If you are trying to lose weight and maintain a healthy diet, protein is a critical part of your daily food intake. Along with carbohydrates and fat, protein is a macronutrient, meaning your body needs a lot of it. But, unlike fat and carbs, your body doesn't store protein and has no reservoir to draw from when it needs a new supply.You don't need to eat protein all day long to maintain muscle mass or lose weight. Instead, you can benefit from getting protein from better food sources to help your body function well. The healthiest option is to choose your protein sources wisely -- processed meats such as sausage, hot dogs and deli meats make it hard to manage weight loss while also contributing to a higher risk of diseases such as type 2 diabetes, cardiovascular disease and colorectal cancer.
That's why health experts recommend that you get your protein from things such as fish, poultry, beans, nuts and whole grains. This way, you are consuming less fat, still getting your healthy carbs in and you are also getting valuable fiber that your body also needs. There are vegetables out there that pack a protein punch that you can use as a side dish or add to an entree that will make sure you are getting the protein you need while contributing to a healthy diet.
With 4.26 grams of protein per stalk, broccoli has a high protein content for a vegetable. It is also an awesome source of fiber and vitamins K and C and helps deliver cancer-fighter compounds. You can use cooked or raw broccoli in a variety of recipes from salads to soups, or simply steam it by itself and squeeze some lemon juice over it.
If you add yellow sweet corn to a dish full of protein-rich veggies and legumes, it can round out a plant-based dish quite nicely because half a cup of corn holds two grams of protein. Most conventional corn is genetically modified, so it is better to pick out organic or non-GMO fresh or frozen varieties.
Potatoes are also not considered the most nutritional vegetables, but depending on how you eat them they can contribute to your protein intake. Eating a medium sized potato with the skin left on provides you with just over four grams of protein, as well as giving you 20 percent of your daily recommended value of potassium.
Green peas can be a delicious addition to many recipes. They are an excellent source of protein -- with 7.86grams per cup -- and you can enjoy them either fresh or frozen.
Edamame packs a punch of 18 grams of protein in a one-cup serving; however, be sure to pick out the organic kind, because most soybeans in the US are genetically modified and treated with pesticides.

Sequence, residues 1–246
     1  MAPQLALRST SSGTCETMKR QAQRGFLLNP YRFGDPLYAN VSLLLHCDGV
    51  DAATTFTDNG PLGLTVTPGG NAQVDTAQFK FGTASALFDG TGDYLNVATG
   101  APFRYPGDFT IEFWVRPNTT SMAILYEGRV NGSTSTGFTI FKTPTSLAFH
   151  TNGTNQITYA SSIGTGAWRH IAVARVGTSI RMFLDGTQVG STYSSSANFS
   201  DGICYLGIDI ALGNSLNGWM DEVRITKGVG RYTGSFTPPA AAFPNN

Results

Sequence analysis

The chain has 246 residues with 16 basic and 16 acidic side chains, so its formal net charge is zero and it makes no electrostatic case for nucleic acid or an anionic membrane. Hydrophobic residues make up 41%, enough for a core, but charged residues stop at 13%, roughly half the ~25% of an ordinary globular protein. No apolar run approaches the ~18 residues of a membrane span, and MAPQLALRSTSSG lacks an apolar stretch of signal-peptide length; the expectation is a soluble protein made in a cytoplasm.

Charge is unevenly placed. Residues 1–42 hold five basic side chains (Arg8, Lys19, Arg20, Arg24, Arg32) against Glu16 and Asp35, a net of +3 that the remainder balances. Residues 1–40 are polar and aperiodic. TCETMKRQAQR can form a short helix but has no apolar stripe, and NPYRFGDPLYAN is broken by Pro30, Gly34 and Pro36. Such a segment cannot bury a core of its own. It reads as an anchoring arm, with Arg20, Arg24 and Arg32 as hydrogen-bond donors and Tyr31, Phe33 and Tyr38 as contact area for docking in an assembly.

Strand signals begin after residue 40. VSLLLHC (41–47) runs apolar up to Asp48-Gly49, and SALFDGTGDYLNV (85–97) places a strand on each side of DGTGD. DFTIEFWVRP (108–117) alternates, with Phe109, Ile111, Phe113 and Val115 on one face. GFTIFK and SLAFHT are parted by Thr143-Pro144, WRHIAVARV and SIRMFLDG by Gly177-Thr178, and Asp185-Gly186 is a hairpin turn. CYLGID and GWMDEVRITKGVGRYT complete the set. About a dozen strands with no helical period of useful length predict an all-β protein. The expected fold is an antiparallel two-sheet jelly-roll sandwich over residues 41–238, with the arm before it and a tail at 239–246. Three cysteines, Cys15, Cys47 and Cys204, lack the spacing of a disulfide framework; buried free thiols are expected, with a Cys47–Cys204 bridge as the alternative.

There are a lot of reasons to fill your plate with this superfood. Whether you eat these yummy spears roasted, grilled or steamed, you will find this veggie loaded with protein, vitamins C, K, and B6 and fiber. Not only is it low in calories and fat, but the fiber and protein content can also help you feel satiated, leading to weight loss.
With three grams of protein in each one cup serving, Brussels sprouts are delicious when roasted, steamed, or even shredded in a salad. They are also high in fiber, so even if you weren't a big fan as a kid, it might be time to give them another chance for your health's sake.
Mushrooms can make a delicious, filling and nutritious addition to any meal, especially when you cook them on a hot grill with a drizzle of olive oil. Then, when they are almost done, add a little garlic and parsley and throw them in the oven. The firm texture and immune boosting properties of mushrooms such as the cordyceps, reishi, maitake varieties make them a tasty and protein-filled addition to any diet.
Avocados have two grams of protein per 100 grams, as well providing high amounts of healthy fats, making them a wonderful staple to have in your diet. You can try it in a pudding or a smoothie to give it a thicker twist. It can be made into a spread for toast or even used as a butter substitute in cooking or baking.
This protein-filled lunch features avocados, tomatoes and a balsamic drizzle with toast and olive oil. It showcases the flavor of the tomatoes paired with avocado toast, and the entire meal is just over 400 calories.
An excellent option for reducing saturated fat and boosting fiber, this recipe doesn't take long to make and only has 159 calories per serving, plus 13 grams of protein.
A meatless and gluten-free meal packed with flavor, this recipe features protein sources such as black beans and corn. It's super easy to make, doesn't take long and is a healthy option when you have a craving for Mexican food.